Undertakings motions represent an expensive and time-consuming part of practice. Numerous hours are spent reviewing transcripts, perfecting undertakings charts, tabbing request letters, drafting motion materials, and conducting research. The status of undertakings often change day to day requiring, for example, redrafting to incorporate orders under Rule 30.10 of the Rules of Civil Procedure against unresponsive or uncooperative non-parties. Often times, the motion materials result in an amicable consent order agreed upon the motion is heard. This may leave the drafter of materials with a feeling that it was all for nothing.
When considering a motion for undertakings, consider Cuff v Gales, which is a cautionary tale in the world of document production. In that case, Justice Price wrote a lengthy detailed decision in relation to a costs award for an undertakings and refusals motion. His Honour described the history of the communications between the parties while critiquing the motions material. He also offers a “how to” on undertakings motions.
Justice Price makes it clear that success on an undertakings motion is generally a foregone conclusion, given that it is a motion to compel compliance with a professional undertaking. However, Justice Price cautions that the “victor” can forfeit his or her right to costs pursuant to Rule 57 by acting unreasonably.
In Cuff v Gales, Justice Price presided over a simple refusals and undertakings motion. The parties agreed to a consent order on the morning of the motion, leaving His Honour to decide costs. Justice Price moved beyond simple failure or success to determine the appropriate cost award in the circumstances.
From a reading of the decision, it is apparent that the court was unimpressed with the conduct of both sides leading up to the motion; the materials provided to the court in support of the motion; the fact that the motion was booked less than 60 days following the defendant’s first request letter for undertakings; and the tone and language used in the correspondence exchanged between parties. Ultimately, the court awarded no costs to either party.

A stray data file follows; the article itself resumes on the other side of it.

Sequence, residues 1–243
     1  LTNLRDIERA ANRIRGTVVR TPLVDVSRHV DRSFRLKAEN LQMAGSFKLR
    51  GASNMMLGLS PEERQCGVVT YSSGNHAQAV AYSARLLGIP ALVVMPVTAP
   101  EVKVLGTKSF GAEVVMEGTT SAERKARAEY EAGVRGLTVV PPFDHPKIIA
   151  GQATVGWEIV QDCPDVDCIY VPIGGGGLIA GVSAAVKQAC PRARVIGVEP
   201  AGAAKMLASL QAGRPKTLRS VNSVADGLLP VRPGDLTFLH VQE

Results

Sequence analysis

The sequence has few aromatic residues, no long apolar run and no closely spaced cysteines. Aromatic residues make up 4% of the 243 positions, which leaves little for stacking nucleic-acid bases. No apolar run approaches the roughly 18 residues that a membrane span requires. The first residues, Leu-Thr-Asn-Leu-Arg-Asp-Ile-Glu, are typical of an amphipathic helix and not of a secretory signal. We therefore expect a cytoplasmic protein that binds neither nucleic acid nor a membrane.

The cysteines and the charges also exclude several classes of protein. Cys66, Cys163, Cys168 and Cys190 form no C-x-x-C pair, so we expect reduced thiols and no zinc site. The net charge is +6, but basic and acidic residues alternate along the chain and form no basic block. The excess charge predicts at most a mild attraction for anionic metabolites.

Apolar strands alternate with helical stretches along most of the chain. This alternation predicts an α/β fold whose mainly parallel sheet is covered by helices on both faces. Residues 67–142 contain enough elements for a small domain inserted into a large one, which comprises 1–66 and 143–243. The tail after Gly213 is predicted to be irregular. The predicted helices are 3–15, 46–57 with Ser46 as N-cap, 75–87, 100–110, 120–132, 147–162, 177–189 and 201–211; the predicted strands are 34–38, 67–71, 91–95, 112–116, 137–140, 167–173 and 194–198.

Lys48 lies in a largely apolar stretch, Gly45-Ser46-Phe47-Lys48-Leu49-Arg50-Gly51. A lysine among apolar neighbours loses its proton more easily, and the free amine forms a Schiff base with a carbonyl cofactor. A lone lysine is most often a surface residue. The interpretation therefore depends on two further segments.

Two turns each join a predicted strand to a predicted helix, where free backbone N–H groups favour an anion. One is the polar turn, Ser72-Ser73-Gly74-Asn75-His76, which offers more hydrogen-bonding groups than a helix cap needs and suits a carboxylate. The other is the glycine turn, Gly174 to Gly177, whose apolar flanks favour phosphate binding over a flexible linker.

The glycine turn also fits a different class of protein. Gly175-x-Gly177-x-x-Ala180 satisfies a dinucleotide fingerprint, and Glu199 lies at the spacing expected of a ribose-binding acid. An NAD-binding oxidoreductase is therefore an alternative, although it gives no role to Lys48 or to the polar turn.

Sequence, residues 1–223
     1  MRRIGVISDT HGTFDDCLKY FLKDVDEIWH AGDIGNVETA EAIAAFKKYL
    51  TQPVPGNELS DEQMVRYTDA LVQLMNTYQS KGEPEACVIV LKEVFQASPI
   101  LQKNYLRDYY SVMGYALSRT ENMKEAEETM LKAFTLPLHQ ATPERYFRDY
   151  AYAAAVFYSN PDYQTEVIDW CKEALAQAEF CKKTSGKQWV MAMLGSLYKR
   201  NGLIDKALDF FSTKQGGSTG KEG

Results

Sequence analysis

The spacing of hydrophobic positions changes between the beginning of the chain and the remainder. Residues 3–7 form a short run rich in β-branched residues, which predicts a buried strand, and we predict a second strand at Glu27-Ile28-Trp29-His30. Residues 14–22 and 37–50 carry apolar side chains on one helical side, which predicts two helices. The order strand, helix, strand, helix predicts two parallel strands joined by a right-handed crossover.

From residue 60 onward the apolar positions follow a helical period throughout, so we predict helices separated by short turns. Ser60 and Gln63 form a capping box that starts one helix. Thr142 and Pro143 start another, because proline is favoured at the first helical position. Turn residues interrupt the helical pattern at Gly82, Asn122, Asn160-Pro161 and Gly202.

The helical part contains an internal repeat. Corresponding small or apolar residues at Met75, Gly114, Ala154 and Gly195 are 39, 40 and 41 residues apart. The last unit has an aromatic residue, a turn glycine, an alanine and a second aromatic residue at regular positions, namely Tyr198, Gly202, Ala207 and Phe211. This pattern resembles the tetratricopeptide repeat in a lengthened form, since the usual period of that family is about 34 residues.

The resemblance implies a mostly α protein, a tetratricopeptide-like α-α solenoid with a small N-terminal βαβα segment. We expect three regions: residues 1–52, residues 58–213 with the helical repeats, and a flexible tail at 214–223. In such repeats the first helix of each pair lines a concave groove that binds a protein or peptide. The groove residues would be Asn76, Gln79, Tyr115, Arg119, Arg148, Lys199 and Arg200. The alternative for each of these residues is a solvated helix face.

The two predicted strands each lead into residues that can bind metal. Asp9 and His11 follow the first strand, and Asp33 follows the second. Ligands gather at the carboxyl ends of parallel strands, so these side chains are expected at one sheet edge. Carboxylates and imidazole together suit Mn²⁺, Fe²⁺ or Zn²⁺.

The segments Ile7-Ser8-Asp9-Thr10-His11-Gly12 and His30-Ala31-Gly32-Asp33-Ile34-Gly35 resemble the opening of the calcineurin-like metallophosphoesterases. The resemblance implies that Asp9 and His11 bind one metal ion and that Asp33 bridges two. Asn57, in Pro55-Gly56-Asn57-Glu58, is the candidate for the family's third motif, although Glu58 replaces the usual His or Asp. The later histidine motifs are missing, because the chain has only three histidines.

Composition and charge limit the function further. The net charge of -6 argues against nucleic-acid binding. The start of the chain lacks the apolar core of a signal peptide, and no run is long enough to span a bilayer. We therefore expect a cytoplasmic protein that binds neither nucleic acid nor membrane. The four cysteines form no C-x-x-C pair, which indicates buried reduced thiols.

Justice Price ruled that the undertakings motion was premature, and that the parties should bear their own costs despite the Defendant’s technical success on the motion. This case stands for the proposition that unreasonable conduct on the part of a party could lead to forfeiture of that party’s right to costs (in this case, the Defendant had involved the court prematurely).
Suggested Timelines for Counsel
Justice Price acknowledged that the Rules do not offer a comprehensive guide to undertakings motions. He offered the following timeline that he would expect counsel to implement:
- Examinations for Discovery – undertakings given
- Transcripts received within 30 days of discovery
- Transcripts reviewed within two weeks of receipt
- Letter to counsel by the examined party outlining their position with respect to any refusals or questions taken under advisement given at discovery
- Request letters to non-parties should be sent at that time – and opposing counsel should be kept abreast of developments
- A second request letter to the opposing party should be sent shortly thereafter – and the party in receipt of such letter should keep opposing counsel abreast of developments
As the court pointed out, a premature undertakings motion does not offer enough time for the responding party to order transcripts, verify undertakings, and make initial requests.
On the subject of supporting materials for such a motion, Justice Price offered the following guidelines:
- The materials should be paginated
- Charts should be up-to-date, and should outline all requests made, citing the transcript for page and question numbers with an explanation of relevance to the pleadings
- A supporting Affidavit identifying all relevant correspondence in relation to each undertaking
- The materials should be paginated
- A similar undertakings and refusals chart should be included
- An Affidavit should be provided outlining a chronology of all attempts to satisfy the party’s undertakings.
Evidently, Cuff v Gales is an important decision for review in preparation for any undertakings or costs motion. Failure to abide by the principles outlined in this decision could lead to the denial of costs to a successful litigant or, conversely, it could lead to a higher level of costs being awarded against the unsuccessful litigant.